Buy Insurance to Cover Risks, Not for Returns Proper insurance is key part of any good financial planning, but the ‘Indian’ mindset, fixated on returns, prevents many from seeking the right cover, says Madhu T

Why is it so difficult for Indians to understand the importance of buying a proper life insurance cover, wonders an agitated seasoned financial advisor. He is fuming that one of his favourite clients has just bought a child plan. “He called me and told me he has bought a children’s policy. He is really quick to grasp concepts and diligently acts on our advice. I just couldn’t believe that he would so something like this,” says the advisor. “We must have discussed so many times about the importance of adequate life insurance cover and term plans.”
Almost every financial advisor can narrate at least one story where a client bought the wrong insurance product. Unit-linked insurance plans (Ulips) used to top the list of “wrong insurance product” list two years ago. However, after the insurance regulator, Insurance Regulatory and Development Authority (Irda), tightened the screws on Ulips in 2010 with a slew of regulatory changes, conventional products (or endowment plans, in insurance parlance) have become the hot favourite among insurance customers. This is because the insurance companies have cleverly shifted attention to regular endowment plans by offering attractive commissions to their sales force, say advisors.
And the numbers clearly indicate the shift in customer preference. According to the Irda annual report of 2010-11, life insurance companies have underwritten . 1,26,381 crore as first-year premium, a measure of new business secured during the year. The first-year premium was . 1,09,894 crore in 2009-10. Of this, 37.38% of the total premium was underwritten in the linked segment, while 62.62% of the business was in the non-linked segment. The figure was 43.52% and 56.48%, respectively, in 2009-10.
CIRCLE OF LIFE
“The current scene is very similar to the one before the opening up of the insurance industry, when LIC used to mostly sell conventional products. After the opening up of the industry, private insurers initially pushed Ulips aggressively. However, they have started focusing on conventional products after the regulatory changes and the lacklustre performance of Ulips because of the poor stock market,” says D Sundararajan, investment consultant, Trendy Investment, a wealth management firm.
“It is quite sad that even today there is a clear lack of education among customers about most insurance products. In fact, most insurance products are sold between January and March. It is clearly sold as a tax-saving and investment product rather than as a tool for long-term protection,” he says. Of course, a small segment of the population, especially the young working class, has woken up to the charm of pure life covers, or term plans, in 2012. Term plans got a fresh life during the year after insurance companies started offering cheaper versions online, but experts believe most individuals still don’t understand the real purpose of a life insurance cover.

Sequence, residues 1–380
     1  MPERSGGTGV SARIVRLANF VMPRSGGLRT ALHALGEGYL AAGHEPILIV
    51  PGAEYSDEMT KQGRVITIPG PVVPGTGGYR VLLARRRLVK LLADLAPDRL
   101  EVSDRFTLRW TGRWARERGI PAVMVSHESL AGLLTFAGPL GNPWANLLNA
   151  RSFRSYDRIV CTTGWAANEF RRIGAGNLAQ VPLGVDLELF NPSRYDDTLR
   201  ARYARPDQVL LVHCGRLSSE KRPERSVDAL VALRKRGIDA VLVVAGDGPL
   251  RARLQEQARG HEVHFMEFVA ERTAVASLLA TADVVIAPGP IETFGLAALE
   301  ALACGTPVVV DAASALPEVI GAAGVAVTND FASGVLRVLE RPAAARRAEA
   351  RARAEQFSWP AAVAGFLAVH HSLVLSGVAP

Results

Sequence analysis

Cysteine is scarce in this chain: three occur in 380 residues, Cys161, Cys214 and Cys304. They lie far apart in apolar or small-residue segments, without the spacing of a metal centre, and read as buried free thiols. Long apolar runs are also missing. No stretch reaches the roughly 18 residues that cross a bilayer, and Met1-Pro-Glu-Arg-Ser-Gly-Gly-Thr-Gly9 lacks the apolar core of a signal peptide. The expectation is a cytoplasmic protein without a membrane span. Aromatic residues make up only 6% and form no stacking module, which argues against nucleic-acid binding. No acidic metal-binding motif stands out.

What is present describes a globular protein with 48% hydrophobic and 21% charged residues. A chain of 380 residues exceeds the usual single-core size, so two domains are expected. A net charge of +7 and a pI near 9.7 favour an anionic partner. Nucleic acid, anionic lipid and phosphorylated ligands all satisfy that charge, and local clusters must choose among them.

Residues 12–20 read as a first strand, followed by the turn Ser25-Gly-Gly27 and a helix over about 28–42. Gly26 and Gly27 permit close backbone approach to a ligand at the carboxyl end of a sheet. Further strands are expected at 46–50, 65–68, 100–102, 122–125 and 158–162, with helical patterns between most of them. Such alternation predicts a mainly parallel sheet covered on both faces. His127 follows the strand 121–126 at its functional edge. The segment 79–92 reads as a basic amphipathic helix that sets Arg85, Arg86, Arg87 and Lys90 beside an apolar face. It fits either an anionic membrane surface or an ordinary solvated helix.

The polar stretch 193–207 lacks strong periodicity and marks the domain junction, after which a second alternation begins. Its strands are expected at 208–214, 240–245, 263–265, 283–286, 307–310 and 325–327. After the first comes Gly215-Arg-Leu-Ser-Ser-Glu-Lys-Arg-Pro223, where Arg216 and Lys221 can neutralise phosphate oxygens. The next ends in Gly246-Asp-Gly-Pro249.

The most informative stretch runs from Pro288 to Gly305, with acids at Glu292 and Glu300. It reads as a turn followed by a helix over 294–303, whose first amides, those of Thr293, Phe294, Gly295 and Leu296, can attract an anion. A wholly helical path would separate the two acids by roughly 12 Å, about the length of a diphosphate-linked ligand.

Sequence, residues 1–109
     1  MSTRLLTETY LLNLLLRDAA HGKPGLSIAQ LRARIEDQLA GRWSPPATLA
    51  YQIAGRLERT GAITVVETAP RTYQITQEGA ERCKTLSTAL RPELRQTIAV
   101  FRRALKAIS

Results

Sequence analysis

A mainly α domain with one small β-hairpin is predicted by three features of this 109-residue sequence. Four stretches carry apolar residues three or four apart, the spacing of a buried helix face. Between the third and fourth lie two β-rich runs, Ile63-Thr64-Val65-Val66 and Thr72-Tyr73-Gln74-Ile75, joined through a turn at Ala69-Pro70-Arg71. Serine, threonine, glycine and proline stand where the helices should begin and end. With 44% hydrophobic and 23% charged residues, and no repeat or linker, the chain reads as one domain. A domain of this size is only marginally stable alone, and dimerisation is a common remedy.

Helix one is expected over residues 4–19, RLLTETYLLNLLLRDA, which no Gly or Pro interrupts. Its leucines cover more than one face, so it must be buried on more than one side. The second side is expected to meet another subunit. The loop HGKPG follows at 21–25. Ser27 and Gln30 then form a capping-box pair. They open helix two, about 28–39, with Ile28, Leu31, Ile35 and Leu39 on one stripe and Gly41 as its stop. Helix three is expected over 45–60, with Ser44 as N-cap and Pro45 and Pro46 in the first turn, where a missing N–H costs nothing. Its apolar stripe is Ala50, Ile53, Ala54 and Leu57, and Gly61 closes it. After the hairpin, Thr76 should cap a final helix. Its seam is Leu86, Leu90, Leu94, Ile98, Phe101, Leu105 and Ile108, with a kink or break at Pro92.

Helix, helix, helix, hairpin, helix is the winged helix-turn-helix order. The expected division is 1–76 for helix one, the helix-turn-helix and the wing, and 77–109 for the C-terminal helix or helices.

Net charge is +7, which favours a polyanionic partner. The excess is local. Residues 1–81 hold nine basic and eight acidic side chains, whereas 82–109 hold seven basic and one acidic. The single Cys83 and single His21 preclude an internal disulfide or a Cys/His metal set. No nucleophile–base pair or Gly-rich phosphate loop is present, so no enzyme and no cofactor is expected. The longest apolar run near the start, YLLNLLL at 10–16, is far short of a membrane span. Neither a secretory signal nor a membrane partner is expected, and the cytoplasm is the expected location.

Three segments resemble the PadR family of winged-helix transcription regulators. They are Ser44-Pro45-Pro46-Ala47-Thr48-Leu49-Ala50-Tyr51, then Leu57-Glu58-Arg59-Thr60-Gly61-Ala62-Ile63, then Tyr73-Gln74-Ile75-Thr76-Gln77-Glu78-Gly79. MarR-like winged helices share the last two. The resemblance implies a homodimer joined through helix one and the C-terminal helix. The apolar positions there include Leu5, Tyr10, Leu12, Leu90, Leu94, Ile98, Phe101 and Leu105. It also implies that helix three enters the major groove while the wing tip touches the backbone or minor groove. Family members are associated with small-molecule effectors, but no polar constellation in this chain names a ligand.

“Most people still fall for the age-old sales pitch of insurance being a tax-saving plus investment instrument. They also fall for false claims of assured returns, especially when the stock market is doing badly,” says Amar Pandit, certified financial planner, My Financial Advisor, a wealth management firm.
“Typically, traditional products deduct 35% from the first-year premium, 7.5% from the second and third-year premiums and 5% from the next year’s premium. Then you have mortality charges and fund management charges and so on. So, how can they offer 9% or 10% assured returns? Since these products invest mostly in debt, it would be almost impossible,” he points out. While these charges vary according to companies and products, most endowment policies are estimated to deliver returns of around 5% to 7%. Also, unlike Ulips, charges deducted from your premium are not disclosed upfront. This means you have no idea of the share of your premium that is actually invested.
INSURING LIFE
The idea behind buying life insurance is simple. If something happens to you, your dependants should be able to maintain their lifestyle from the proceeds from your insurance cover. And the only way most people can buy an adequate cover is through a term cover. If you die during the term of the policy, your dependants will get the insured amount. If you outlive the policy, you would not get any money.
“Most people focus on what they will get on maturity of the plan. I always tell them that is a huge mistake and maturity proceeds shouldn’t be the reason to buy an insurance cover. One should always think what if something happens before maturity – only then will you understand the real value of insurance,” says Pandit. Naturally, many financial advisors blame insurance companies and their agents for the mess. However, agents blame the “Indian” mindset.
“It is very difficult to convince most people about term insurance. They invariably get disappointed the moment they learn that though it is very cheap, it wouldn’t give them anything on maturity,” says an insurance agent, who doesn’t want to be named. “Most people don’t care about the cost factor. They are very happy with products that will give them money on maturity or at regular intervals.”
Sundararajan believes it is time individuals take responsibility for their actions. “People should go to an insurance company to buy insurance cover, not investment product. I think everyone should keep this in mind. It will automatically help them stay focused on their insurance needs,” says Sundararajan.
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